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Howard Ferstler's main AV system

Howard Ferstler

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I recently made some changes to the AV system in my main room. This rig had previously been used as my reference set up when doing various product reviews, including level-matched A/B speaker comparisons.

The changes involve downsizing instead of the usual "more is better" upgrades, primarily because my wife and I are both on a "less is more" kick, and, well, I am out of the audio-writing business and do not need an elaborate system any more. The second subwoofer (previously, a big SV unit that had been in the right-front corner) has been removed and now all of the bass is shunted to the Velodyne F1800RII in the left-front corner. (I think this has honestly made the low-bass performance a bit better.) The equipment rack has also been downsized, with several processors, a laserdisc player, second DVD player, and a Carver M500 that had been used to power the IC-20s (with a Yamaha RX-Z1 receiver then powering the other channels) removed. The cabinet has been cut down, and now all it holds is a DVD player (a decent older Panasonic model), the RX-Z1 receiver, and a Rane THX-44 equalizer that EQs the three front speakers and the subwoofer. The system uses an older, ceiling-mounted Sharp video projector that will hopefully one of these days be replaced with an HDTV version.

The satellite speakers remain the same: IC-20 mains, a custom center speaker made by me (an MTTM vertical array, with Allison M and T drivers and an IC-20 woofer, and a crossover that is a combination of Model One and Model 9 elements), four Model Four units used as surround speakers (two can be seen as front "effects" speakers in the photo; the other two are further back and out of the picture), and a pair of out of the photo small back-surround systems I built using NHT and Radio Shack drivers.

Believe it or not, the downsized package sounds as good as the previous one, mainly because speakers determine things mostly in audio. The reduction in power (to half what it had been) has had no impact at all.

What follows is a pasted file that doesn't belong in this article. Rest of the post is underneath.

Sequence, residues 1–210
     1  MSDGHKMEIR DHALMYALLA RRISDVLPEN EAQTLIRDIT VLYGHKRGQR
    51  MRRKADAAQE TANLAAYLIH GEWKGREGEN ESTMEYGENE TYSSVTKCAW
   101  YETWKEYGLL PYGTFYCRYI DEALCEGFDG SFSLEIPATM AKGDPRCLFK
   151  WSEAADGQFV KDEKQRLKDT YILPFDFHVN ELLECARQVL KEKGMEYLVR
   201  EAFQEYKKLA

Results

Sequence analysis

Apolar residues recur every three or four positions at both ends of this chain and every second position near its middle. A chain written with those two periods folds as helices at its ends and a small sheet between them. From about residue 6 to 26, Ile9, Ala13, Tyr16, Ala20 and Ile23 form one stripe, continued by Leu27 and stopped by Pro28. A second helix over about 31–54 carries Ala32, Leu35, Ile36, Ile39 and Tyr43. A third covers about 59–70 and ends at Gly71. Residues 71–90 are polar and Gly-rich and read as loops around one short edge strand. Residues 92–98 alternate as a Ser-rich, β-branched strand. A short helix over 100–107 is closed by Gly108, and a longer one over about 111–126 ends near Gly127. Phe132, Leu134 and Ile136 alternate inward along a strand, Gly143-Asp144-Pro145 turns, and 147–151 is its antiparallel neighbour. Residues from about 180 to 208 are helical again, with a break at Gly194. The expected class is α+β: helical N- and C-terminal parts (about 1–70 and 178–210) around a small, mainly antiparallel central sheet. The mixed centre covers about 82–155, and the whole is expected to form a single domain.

The photos show the front wall (my backyard woodworking shop can be seen through the window) and the center speaker with its grill (a cut-down IC-20 grill) removed. The room is 22 feet wide, a bit more than 18 feet deep, and with the ceiling being 8.5 feet high. The space is lined fairly heavy with bookshelves full of books and discs.

Comments on this system are always appreciated. Note that I have a second system in another part of the house that has a new 56-inch TV monitor and some speakers I built using a mix of other brand and Allison drivers. We use that one for most of our video work, with the system discussed here mostly for music.

Howard Ferstler


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  • 3 weeks later...
Guest BartJY

I have a pair of Allison Three’s so I thought I knew about Allison speakers. But, after looking at your picture of the IC-20s, I see that there is still more to learn. Question: What am I looking at for the base driver? It looks like the backside of a woofer. Is that correct? How does that work? Tell me about it.



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Several later-generation dual-woofer Allison speakers had this arrangement, known as "push-pull" woofers.

The idea is to mount one woofer in-firing and one woofer out-firing, wire them electrically out-of-phase, so that they're acoustically in-phase. The intended benefit is this: If you have truly excellent manufacturing uniformity from woofer to woofer, then having the woofers fire in opposite directions will allow them to cancel out each others' mechanical non-linearities, thereby reducing even-order harmonic distortion.

Again, this assumes that each individual woofer has virtually the exact same mechanical characteristics as the next one. You really need very close manufacturing tolerances for this to work.

And since it only cancels even-order distortion, it's of somewhat limited value, since odd-order distortion is more audibly-objectionable. In any event, the human ear is remarkably non-sensitive to deep bass harmonic distortion under 5-10%, as long as there is no really obvious mechanical distress noise (VCR, port chuffing, etc.) accompanying the distortion itself.

But Allison's push-pull woofers were a lot like your grandmother's chicken soup: "It couldn't hurt!" And besides, it also provided Allison a nice marketing story that reinforced their engineering reputation.

Steve F.

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